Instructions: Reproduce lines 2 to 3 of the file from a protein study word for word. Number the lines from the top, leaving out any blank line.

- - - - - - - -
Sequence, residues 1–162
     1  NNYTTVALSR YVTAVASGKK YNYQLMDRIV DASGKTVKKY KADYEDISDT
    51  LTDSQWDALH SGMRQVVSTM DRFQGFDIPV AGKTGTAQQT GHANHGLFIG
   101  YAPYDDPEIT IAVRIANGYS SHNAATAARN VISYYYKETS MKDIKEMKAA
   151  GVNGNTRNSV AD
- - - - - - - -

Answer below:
     1  NNYTTVALSR YVTAVASGKK YNYQLMDRIV DASGKTVKKY KADYEDISDT
    51  LTDSQWDALH SGMRQVVSTM DRFQGFDIPV AGKTGTAQQT GHANHGLFIG